It takes a lot of hard work to get an interview — congratulations! Every interview shows how much people value your skills and expertise.

But a shining CV and excellent references can only bring you so far. An interview is a snapshot of you at work. You’ll need to show people you’ve never met what you can offer.

Some common and easily avoidable interview errors could blow your chances. Here’s how to ace the conversation.

1 - Do Your Research, Be Interested

Nonchalance, disinterest, and job knowledge gaps don’t wash. Demonstrate your interest by knowing the job, the company, and why you want to work for them.

A cursory glance at the company’s website won’t suffice. Research the company’s beliefs and beginnings and if it’s part of a larger organisation. Does the firm have a mission? Ensure you know their products and services and analyse their market position.

Even better, think about how your accomplishments can drive the company’s objectives and frame these as positive stories. Be prepared for stock questions like ‘What do you know about us?’ and ‘Why do you want to work here?’

And don’t forget to have a few insightful questions of your own to ask our interviewer.

2 - Dress Appropriately

Having done your research, you’ll know what sort of clothing is expected. Interviewers want to see someone who looks like they already work for the business.

That usually means dressing conservatively, showing you are making an effort, are trying not to offend, and are respectful. You control what you wear, and interviews know that.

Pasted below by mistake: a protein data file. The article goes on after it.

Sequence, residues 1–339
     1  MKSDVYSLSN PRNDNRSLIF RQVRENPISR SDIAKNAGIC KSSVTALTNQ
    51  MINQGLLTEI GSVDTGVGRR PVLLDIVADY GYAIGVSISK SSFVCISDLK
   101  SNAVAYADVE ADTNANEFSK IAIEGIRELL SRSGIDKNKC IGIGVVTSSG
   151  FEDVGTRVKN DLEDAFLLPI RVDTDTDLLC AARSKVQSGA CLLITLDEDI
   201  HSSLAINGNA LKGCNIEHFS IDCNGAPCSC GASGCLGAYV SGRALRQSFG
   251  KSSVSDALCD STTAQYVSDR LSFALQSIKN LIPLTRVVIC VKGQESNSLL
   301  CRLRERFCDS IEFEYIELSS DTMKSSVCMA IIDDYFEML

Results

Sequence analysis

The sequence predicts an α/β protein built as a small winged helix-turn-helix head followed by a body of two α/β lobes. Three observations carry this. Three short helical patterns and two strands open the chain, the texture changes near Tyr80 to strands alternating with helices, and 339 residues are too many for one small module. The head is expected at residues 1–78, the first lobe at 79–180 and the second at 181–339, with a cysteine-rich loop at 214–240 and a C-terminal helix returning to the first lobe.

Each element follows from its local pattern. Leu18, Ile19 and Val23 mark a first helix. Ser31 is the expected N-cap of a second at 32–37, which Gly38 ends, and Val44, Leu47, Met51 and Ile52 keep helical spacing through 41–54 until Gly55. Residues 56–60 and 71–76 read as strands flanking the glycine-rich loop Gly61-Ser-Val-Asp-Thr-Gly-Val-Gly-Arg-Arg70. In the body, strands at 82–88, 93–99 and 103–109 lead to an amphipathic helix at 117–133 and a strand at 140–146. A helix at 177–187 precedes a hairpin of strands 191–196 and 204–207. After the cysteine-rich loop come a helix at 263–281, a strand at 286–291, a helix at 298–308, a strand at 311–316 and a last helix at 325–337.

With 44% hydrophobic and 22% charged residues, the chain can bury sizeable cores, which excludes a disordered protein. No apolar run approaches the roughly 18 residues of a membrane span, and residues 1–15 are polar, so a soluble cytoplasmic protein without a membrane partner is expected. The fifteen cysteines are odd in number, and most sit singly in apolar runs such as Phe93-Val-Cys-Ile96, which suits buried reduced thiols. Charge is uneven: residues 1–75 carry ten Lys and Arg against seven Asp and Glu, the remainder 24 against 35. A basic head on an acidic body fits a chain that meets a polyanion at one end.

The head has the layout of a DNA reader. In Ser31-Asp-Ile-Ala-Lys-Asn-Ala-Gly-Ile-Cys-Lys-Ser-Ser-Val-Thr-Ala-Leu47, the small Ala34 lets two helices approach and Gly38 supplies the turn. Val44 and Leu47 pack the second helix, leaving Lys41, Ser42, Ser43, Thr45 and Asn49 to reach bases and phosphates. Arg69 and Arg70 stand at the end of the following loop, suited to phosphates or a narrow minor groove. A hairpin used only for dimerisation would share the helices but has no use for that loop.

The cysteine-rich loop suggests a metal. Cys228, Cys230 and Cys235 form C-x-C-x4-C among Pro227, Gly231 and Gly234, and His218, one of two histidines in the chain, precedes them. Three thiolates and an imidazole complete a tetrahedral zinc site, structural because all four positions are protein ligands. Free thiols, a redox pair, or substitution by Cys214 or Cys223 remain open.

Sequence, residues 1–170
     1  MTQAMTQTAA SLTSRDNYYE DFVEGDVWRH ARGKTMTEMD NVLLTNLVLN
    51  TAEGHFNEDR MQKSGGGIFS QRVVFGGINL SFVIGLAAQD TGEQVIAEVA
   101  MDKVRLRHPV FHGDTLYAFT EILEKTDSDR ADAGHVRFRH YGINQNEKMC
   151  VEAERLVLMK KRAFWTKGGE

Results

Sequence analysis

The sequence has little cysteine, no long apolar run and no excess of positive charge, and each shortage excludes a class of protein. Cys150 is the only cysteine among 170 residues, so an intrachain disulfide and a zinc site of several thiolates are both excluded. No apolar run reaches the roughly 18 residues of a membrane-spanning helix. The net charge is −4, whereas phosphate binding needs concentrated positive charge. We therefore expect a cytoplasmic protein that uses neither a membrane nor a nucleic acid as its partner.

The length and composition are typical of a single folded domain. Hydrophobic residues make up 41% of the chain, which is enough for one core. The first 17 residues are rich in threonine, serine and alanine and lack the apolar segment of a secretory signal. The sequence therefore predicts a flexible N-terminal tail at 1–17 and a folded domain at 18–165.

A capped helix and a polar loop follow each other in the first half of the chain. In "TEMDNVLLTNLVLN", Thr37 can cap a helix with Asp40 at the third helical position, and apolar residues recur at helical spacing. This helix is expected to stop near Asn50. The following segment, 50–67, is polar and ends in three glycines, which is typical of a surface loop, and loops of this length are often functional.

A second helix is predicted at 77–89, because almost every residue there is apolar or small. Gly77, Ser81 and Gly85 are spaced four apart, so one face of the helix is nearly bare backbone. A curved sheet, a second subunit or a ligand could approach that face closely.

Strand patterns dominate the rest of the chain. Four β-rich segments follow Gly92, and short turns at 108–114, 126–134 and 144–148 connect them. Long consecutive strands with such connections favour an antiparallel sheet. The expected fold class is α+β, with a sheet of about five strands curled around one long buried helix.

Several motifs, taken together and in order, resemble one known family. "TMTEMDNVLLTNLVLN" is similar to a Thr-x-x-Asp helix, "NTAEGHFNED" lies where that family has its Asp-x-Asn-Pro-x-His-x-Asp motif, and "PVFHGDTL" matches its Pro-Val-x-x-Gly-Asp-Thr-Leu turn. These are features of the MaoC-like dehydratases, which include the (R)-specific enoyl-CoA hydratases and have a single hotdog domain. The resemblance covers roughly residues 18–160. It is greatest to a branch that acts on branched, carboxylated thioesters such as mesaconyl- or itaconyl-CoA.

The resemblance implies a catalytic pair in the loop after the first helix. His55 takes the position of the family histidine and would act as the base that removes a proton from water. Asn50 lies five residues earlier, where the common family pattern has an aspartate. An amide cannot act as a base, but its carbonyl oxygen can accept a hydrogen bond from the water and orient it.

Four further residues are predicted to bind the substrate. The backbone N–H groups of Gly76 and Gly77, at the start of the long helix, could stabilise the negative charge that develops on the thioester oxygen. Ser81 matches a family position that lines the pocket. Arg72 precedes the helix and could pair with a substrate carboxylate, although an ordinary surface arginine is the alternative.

Be wary of dressing provocatively, with exposed cleavage a big no-no. Choose something industry-relevant. For example, an internet start-up might want something a little trendier than a law firm.

First impressions last; dress inappropriately, and you could blow your interview in ten seconds.

3 - Know Your Interviewer

Many job interviews state who will talk to you at interviews. Don’t breeze in without looking into who they are and their company role. It would be uncomfortable to be interviewed by the CEO without knowing.

Look at where your interviewer is from and see if you share anything in common. Use LinkedIn for tips. Perhaps you went to the same school or university, or are from the same town? Clubs, colleges, volunteer work — the possible connections are many.

4 - Don't Be Late and Don't Be Too Early

Have we mentioned research? Your route needs planning and practice, too. Do a trial run so you can anticipate any issue. Check for parking fees, train times, and possibilities of delays.

Enter the company building 5-10 minutes before the interview starts. If you arrive earlier, go somewhere else until the timing is right to approach the firm. Be nice to everyone you meet, from the security guard to the receptionist, because many interviewers ask staff about every interviewee’s behaviour.

Use your pre-interview time to watch people in the building. Is the company buzzing? Are people stressed? What’s the vibe? You can learn a lot in a short space of time.

Oh, and never arrive late if you want the job.

5 - Don't Lose Focus

Everything about your body language and mental preparation need to be in sharp focus. Don’t eat or drink before you go in.

Turn your mobile phone off, so there are no interruptions. Make eye contact, stand tall with your shoulders back, and offer a firm handshake.